A man walked into the enlistment office in the Siberian city of Ust-Ilimsk and opened fire, shooting the military commandant at close range.
Russian media reported the man, identified as Ruslan Zinin, 25, was upset that his best friend who didn’t have any combat experience was called up. Authorities have said such experience would be the main criteria for the mobilization.
Zinin, who was arrested, reportedly said, “No one will go fighting,” and “We will all go home now.” His victim was hospitalized in intensive care in an “extremely grave” condition, the reports said.
Also on Monday, a man at a bus station in Ryazan, a city about 200 kilometers southeast of Moscow, reportedly doused himself with a flammable liquid and set himself on fire, shouting he didn’t want to take part in Russia’s “special military operation” in Ukraine. He reportedly sustained minor injuries and was detained by police.
As troubling as these incidents are, it is the spread of protests to far-flung strongholds of Putin’s base of support that could be more concerning for the Kremlin, with women confronting authorities about “taking our sons.” Although the mobilization was said to total about 300,000 men, some media reports claim the authorities plan to muster more than 1 million, which Moscow denied.
Even though initial demonstrations against the mobilization were brutally suppressed by police, with hundreds detained shortly after it was announced, more have broken out in various regions. Over the weekend, women rallied against the call-up in the remote province of Yakutia in Russia’s far north.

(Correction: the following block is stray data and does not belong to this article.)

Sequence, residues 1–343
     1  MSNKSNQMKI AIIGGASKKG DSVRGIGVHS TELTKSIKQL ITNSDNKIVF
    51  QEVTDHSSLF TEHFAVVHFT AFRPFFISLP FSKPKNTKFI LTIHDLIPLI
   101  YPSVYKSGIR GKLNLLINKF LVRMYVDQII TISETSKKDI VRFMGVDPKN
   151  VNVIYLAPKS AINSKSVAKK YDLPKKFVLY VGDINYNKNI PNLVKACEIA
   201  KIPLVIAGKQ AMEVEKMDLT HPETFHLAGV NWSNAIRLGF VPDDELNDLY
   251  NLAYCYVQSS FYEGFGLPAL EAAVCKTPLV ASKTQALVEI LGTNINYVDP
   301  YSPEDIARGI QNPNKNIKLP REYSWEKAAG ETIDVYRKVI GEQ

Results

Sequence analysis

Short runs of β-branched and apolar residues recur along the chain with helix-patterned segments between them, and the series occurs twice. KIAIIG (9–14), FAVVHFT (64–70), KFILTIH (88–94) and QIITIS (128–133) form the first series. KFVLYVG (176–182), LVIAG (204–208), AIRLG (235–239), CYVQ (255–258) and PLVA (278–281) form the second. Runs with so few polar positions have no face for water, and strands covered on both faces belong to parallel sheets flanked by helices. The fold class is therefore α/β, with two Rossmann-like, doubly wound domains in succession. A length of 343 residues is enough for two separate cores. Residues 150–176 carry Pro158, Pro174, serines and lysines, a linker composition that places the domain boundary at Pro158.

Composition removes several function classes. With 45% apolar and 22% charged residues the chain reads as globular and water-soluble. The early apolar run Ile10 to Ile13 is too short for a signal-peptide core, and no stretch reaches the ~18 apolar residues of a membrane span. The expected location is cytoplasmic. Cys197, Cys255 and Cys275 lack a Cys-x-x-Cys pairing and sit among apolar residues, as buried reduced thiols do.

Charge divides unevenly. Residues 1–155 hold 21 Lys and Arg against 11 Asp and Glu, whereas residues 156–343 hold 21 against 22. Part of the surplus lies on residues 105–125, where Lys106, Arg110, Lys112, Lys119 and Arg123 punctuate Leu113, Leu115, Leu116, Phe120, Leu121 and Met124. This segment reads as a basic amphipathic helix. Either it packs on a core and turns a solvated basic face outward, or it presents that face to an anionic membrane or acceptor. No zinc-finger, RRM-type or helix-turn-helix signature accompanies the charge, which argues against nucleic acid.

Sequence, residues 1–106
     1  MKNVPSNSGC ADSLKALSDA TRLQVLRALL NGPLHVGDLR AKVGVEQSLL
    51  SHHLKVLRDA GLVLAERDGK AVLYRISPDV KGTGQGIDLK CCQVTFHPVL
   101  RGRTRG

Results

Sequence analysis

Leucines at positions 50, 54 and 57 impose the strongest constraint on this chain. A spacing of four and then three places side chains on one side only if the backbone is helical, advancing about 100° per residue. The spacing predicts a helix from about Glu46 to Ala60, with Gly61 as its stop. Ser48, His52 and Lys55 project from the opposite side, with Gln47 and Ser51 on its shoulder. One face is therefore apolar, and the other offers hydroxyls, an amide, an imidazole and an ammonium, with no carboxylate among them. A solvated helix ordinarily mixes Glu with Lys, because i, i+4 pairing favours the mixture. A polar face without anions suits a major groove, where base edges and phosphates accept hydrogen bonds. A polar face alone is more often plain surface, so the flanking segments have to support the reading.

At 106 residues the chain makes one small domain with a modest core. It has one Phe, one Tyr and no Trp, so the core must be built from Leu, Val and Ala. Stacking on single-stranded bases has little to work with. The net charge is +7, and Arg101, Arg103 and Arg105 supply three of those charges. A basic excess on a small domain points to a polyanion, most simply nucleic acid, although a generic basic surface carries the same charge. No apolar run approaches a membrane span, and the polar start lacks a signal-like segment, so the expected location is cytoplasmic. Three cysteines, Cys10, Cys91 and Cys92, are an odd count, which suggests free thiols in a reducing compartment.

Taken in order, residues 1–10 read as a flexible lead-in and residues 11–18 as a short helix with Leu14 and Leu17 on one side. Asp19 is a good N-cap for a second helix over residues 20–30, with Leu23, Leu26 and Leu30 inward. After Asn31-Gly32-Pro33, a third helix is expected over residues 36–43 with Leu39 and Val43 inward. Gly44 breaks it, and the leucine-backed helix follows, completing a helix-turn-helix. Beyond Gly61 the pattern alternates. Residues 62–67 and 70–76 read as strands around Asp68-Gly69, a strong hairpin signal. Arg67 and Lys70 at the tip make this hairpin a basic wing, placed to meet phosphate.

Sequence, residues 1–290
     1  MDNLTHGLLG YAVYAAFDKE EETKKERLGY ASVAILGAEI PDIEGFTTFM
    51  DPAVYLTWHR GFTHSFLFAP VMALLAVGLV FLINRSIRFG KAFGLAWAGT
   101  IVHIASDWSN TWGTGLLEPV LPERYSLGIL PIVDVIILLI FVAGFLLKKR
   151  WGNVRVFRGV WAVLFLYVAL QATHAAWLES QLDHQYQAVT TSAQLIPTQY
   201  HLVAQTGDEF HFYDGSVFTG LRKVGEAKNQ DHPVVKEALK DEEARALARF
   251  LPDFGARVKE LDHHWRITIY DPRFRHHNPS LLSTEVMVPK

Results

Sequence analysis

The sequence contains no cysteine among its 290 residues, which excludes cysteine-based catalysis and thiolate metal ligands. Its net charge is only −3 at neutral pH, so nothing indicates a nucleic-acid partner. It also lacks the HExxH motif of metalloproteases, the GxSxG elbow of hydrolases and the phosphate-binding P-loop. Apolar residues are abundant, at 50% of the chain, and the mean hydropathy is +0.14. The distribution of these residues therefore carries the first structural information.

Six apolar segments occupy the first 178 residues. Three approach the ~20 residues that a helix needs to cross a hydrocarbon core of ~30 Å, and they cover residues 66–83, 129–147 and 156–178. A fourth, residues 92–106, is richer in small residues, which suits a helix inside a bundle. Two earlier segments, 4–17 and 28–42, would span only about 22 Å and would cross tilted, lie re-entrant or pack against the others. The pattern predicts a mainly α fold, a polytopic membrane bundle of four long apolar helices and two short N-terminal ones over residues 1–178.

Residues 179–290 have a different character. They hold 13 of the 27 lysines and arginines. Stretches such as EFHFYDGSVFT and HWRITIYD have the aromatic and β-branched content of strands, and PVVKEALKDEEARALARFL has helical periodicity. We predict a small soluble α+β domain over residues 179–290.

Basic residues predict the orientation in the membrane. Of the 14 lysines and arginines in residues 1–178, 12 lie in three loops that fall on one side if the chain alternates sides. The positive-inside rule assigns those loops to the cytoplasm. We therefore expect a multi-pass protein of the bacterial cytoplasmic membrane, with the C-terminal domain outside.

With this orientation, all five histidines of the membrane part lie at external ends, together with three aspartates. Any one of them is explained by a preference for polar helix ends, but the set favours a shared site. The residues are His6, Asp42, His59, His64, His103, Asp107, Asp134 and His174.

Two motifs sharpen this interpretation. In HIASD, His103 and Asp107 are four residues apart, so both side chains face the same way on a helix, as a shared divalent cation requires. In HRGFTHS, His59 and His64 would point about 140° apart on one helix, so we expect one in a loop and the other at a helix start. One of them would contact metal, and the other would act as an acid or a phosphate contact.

In Mahachkala, the capital of the predominantly Muslim province of Dagestan, a crowd of women in headscarves gathered Sunday, chanting “No to war.” Some of them chased a police officer away from the protest, while others stood in front of a police car, preventing it from moving and demanding the release of detained protesters inside.
Protests in Dagestan continued Monday, with demonstrators clashing with police. Outrage also spilled into the streets of another North Caucasus region, Kabardino-Balkaria. Video showed a crowd of women surrounding a man in a suit, identified by the media as a local official, with one screaming: “Do you know where you’re sending him?” — an apparent reference to someone close to her being mobilized.
Dagestan, as well as the Siberian region of Buryatia, are among several regions where there are complaints that a disproportionate number of ethnic minorities have been deployed to fight and have died in Ukraine.
“For our state, we are not its citizens, but cannon fodder in this war. Just a resource,” said Pavel, a 40-year-old resident of Buryatia who fled to Mongolia last week to avoid getting called up. He spoke to AP on condition that his last name not be used, fearing retribution.
“Siberia and the Far East are being actively sold — timber, minerals, land leased for 50 years. And it turns out that people living here are also processed as a resource,” he added.
Putin is “risking a lot by announcing mobilization, he’s losing support, he’s creating a pre-revolutionary situation – protests, arson incidents at enlistment offices,” political analyst Abbas Gallyamov told AP.
Given the atmosphere of instability and Russia’s recent battlefield setbacks, the referendums in Ukraine are unlikely to have any influence on public opinion, he said.
“No one needs these referendums – not the Russian public, not even the patriots anymore,” Gallyamov added. aid.
Andrei Kolesnikov, senior fellow at the Carnegie Endowment for International Peace, pointed out that polls indicate about half the Russian people unconditionally support the war, with about a third whose backing comes with caveats.
The latter constitutes “a reservoir of doubt and discontent,” Kolesnikov told AP. “It is already clear that the mobilization is not partial, and if this becomes more and more obvious, then the mood may begin to change. Putin is taking a big risk.”
Michael Kohn in Bend, Oregon, contributed.